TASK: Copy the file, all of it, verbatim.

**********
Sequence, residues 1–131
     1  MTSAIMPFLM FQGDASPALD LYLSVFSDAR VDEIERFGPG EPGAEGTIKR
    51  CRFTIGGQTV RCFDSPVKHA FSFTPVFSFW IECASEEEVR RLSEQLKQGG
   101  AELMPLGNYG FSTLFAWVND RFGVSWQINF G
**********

Sequence, residues 1–131
     1  MTSAIMPFLM FQGDASPALD LYLSVFSDAR VDEIERFGPG EPGAEGTIKR
    51  CRFTIGGQTV RCFDSPVKHA FSFTPVFSFW IECASEEEVR RLSEQLKQGG
   101  AELMPLGNYG FSTLFAWVND RFGVSWQINF G